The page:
- The ministerial code, and its implications for their work and behaviour
- The roles and responsibilities of private office team members
- How the submissions and write rounds process works
- How correspondence is dealt with
- Liaise with the minister’s parliamentary/constituency office: get in touch with the minister’s parliamentary office staff and work out how to co-ordinate with them on the minister’s time. Make sure channels of communication are as open as possible. This will help to prevent diary logjams, and balance the minister’s departmental, parliamentary and constituency work. Most ministers only have their government job because of their work in getting elected, and for many relations in their party will continue to be the most important consideration. Ensuring they have time to talk to MPs and carry out their constituency duties will help ministers balance these competing pressures, and it will also be helpful for getting the department’s business done in parliament
- Get to know the minister’s special advisers, if they have them: make contact with your new minister’s SpAds, and find out the role that the minister is envisioning for them. Some special advisers may be working in government for the first time, so you might also need to explain to them how the private office team works and how SpAds relate to that structure. Special advisers can be really valuable allies in understanding what the minister wants and enforcing their priorities both in the department and in cross-government work, so it is worthwhile setting the tone for a collaborative relationship with them at an early stage.
- Discuss preferred styles of working: talk to your minister about how they would like work to be presented to them and how they would like you to manage their time. Do they have preferences about length or format of briefings, or length and size of meetings? Do they have family commitments or caring responsibilities that affect the organisation of their work? Some ministers (especially those in their first ministerial job) will not be completely clear on what their options are for ways of working, so have some suggestions ready of different ways that things can be done, or to explain why things are currently done the way that they are.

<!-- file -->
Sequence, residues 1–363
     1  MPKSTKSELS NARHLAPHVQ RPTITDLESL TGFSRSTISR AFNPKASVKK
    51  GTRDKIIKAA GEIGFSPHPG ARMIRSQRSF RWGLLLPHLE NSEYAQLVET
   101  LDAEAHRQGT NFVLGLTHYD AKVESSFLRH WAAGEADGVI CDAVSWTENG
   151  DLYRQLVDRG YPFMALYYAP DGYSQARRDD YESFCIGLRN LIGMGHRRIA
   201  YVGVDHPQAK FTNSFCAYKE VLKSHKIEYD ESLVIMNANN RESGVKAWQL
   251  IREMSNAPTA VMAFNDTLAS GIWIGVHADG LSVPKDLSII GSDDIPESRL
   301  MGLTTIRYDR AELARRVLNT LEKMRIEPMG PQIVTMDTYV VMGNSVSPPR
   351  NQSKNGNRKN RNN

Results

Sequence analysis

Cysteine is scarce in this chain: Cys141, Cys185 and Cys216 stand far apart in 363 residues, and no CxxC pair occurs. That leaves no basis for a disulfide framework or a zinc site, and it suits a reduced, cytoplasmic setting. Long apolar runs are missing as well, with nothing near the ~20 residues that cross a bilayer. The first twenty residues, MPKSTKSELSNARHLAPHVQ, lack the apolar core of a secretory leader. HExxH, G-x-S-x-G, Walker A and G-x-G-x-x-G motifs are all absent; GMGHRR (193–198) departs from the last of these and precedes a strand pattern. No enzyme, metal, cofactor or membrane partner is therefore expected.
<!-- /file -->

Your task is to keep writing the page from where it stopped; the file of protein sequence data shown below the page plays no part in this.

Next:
- Ask about policy priorities: as the minister familiarises themselves with their new portfolio, ask for direction from them about their key policy priorities. Some will already have clear ideas about these when they arrive in office, and others will take time to figure them out – but if your team know what they are, you can not only prioritise the minister’s time more effectively, but also communicate them to the wider department.
"I consider myself very lucky in my first ministerial job to have had a private secretary who was pretty experienced in having worked with other ministers beginning the role and provided me with the sort of guidance on [the] process and what a submission was and how the correspondence was dealt with and how you might go about agreeing or not agreeing to do a particular event. All things which, if you didn’t have somebody to explain to you, it would be pretty opaque actually in terms of the way that government works. So having a private secretary in the private office that are able to support you through that is really, really helpful."
Jacqui Smith, Home secretary (2007–09)
Questions to ask yourself
Before the new minister arrives:
- Do I have a clear sense of what I think the priority meetings and briefings are for a new minister?
- Has as much of the administrative and logistical set-up for a new minister as possible been completed?
Once the minister is in post:
- How can I help the minister work out what they want?
- How can I ensure we are adapting to what the minister wants and not just doing things the way they have always been done?
- Are we as a private office team working as effectively as we can with the minister’s other support staff – i.e. their parliamentary/constituency offices and their special advisers?
Find out more